Unless you’ve been living under a rock for the last few years, you know that PowerShell is the future for Microsoft. With products like Service Manager Automation and Azure Automation, a solid PowerShell foundation will be required for a lot of tasks. When System Center 2012 was released the Service Manager PowerShell modules received a huge over haul. There is almost nothing you can’t do using the provided Cmdlets. However, aside from the few examples on TechNet, there is not much documentation on working with the Service Manager Cmdlets. The purpose of this blog series will be to get you familiar with working with the Service Manager Cmdlets, and show you some of the great things you can accomplish using them.

All articles in their series are linked below. Be sure to read the overview below and check back often for new content and updates.

  1. Getting Started with Service Manager PowerShell
  2. Get Work Item Information
  3. Get Configuration Item Information
  4. Get Relationships
  5. Modifying Work/Configuration Items
  6. Working with Relationships
  7. Get List Items
  8. Creating Configuration Items
  9. Creating Work Items
  10. Creating PowerShell Workflows (coming soon)
  11. Creating Subscriptions (coming soon)
  12. Data Warehouse Cmdlets (coming soon)
  13. Performing Administrative Tasks (coming soon)

Series Overview

This series is not designed to be an introduction to PowerShell or Service Manager, just the Service Manager PowerShell modules. I assumes that you are familiar with Service Manager, and have a basic working knowledge of PowerShell. I will explain what the commands are doing, and I will provide links to additional resources where needed. This series will assume that you are familiar with running basic PowerShell commands and using PowerShell ISE. Some of the common PowerShell concepts we will use are variables, arrays, hash tables, foreach loops, and if else statements. Don’t worry if you are not experienced in all of these areas, you should still be able to follow along. I will explain what the commands are doing and provide links to additional information where needed.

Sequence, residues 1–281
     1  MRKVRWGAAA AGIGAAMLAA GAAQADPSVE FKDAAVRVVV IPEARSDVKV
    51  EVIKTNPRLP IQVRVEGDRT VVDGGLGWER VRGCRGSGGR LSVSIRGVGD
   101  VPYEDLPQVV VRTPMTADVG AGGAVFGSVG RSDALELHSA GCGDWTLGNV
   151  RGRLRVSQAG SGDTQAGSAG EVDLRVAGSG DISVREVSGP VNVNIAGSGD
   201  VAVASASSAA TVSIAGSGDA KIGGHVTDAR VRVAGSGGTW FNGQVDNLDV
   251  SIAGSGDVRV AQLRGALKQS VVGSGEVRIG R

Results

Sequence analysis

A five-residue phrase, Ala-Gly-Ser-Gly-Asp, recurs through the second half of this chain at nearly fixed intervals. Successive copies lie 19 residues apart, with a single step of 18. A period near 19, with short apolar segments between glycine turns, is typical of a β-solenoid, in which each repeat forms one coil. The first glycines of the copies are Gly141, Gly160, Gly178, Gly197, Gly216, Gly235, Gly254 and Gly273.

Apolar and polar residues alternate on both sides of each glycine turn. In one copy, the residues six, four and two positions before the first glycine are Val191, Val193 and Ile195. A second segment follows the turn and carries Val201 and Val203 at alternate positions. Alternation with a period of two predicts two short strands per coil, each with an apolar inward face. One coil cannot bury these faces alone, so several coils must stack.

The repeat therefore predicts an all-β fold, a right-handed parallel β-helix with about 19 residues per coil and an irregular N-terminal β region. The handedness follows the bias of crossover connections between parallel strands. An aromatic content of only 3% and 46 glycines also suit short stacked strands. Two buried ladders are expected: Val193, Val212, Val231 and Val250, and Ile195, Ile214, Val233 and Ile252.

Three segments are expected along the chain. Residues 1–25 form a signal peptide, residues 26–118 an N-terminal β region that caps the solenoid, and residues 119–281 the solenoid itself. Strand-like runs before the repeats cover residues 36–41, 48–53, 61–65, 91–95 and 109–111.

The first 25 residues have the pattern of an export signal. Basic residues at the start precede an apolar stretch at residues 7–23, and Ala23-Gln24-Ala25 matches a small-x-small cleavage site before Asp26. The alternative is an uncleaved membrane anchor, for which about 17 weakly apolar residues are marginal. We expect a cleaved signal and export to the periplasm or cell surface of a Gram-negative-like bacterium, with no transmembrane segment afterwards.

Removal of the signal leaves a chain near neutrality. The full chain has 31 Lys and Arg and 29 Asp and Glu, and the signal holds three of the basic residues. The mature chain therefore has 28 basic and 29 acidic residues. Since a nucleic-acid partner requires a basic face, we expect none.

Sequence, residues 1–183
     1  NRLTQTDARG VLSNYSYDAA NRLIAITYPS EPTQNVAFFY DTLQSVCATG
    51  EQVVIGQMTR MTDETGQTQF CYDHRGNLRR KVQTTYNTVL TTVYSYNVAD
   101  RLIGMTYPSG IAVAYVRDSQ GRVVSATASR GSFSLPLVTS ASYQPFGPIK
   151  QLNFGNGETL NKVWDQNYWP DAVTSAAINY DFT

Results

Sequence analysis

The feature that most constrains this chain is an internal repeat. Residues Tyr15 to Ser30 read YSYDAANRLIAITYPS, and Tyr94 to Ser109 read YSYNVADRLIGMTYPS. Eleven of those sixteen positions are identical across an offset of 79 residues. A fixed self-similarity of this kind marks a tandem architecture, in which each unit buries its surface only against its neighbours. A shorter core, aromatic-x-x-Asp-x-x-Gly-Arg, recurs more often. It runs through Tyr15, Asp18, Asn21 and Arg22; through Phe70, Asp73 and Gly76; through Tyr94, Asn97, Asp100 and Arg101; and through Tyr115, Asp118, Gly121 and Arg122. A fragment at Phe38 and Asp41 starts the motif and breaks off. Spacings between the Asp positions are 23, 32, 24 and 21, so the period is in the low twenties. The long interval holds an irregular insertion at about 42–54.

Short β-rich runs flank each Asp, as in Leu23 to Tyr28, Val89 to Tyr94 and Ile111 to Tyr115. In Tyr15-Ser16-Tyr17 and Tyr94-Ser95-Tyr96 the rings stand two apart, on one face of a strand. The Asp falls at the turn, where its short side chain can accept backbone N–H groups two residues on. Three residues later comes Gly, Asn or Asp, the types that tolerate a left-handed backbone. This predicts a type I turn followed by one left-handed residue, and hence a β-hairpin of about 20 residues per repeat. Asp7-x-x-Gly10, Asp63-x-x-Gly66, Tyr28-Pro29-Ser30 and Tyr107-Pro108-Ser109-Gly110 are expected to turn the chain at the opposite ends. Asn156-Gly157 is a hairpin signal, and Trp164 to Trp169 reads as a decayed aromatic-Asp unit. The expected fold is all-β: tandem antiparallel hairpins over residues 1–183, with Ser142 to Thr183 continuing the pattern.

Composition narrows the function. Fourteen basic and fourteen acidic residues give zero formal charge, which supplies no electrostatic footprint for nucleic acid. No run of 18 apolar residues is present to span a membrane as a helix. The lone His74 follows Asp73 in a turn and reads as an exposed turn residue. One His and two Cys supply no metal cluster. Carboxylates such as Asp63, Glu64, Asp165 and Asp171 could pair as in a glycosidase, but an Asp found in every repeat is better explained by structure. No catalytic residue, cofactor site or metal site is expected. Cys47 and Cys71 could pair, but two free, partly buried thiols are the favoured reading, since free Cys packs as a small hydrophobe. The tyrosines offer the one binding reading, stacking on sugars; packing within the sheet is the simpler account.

I also recommend that you learn how to use the Get-Help and Get-Member cmdlets. They are not unique to Service Manager, and can be helpful with any PowerShell  project.

Get-Help will return the help information for a Cmdlet.

Get-Member will list the properties and methods of a command or object.

Terminology – For those of you who are new to Service Manager, I suggest reviewing the Service Manager Glossary. One item that is not in the glossary that you will often see is Work Item. In Service Manager this can refer to Change Management, Incident Management, Problem Management, Release Management, Service Request fulfillment, and all Activity types. Basically everything under the Work Items workspace, in the console.

 

All code examples used in the series can also be found at https://gist.github.com/mdowst